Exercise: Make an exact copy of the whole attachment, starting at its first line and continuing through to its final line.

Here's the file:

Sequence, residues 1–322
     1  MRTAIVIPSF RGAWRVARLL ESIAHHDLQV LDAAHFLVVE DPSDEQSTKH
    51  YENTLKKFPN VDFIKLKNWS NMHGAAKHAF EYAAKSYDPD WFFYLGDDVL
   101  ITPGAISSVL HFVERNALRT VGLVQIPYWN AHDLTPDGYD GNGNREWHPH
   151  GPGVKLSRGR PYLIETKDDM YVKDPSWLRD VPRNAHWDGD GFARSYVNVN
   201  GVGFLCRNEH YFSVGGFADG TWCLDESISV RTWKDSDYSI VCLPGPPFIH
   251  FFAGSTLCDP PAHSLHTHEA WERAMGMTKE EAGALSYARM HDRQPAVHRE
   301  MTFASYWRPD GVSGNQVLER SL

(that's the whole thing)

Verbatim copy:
Sequence, residues 1–322
     1  MRTAIVIPSF RGAWRVARLL ESIAHHDLQV LDAAHFLVVE DPSDEQSTKH
    51  YENTLKKFPN VDFIKLKNWS NMHGAAKHAF EYAAKSYDPD WFFYLGDDVL
   101  ITPGAISSVL HFVERNALRT VGLVQIPYWN AHDLTPDGYD GNGNREWHPH
   151  GPGVKLSRGR PYLIETKDDM YVKDPSWLRD VPRNAHWDGD GFARSYVNVN
   201  GVGFLCRNEH YFSVGGFADG TWCLDESISV RTWKDSDYSI VCLPGPPFIH
   251  FFAGSTLCDP PAHSLHTHEA WERAMGMTKE EAGALSYARM HDRQPAVHRE
   301  MTFASYWRPD GVSGNQVLER SL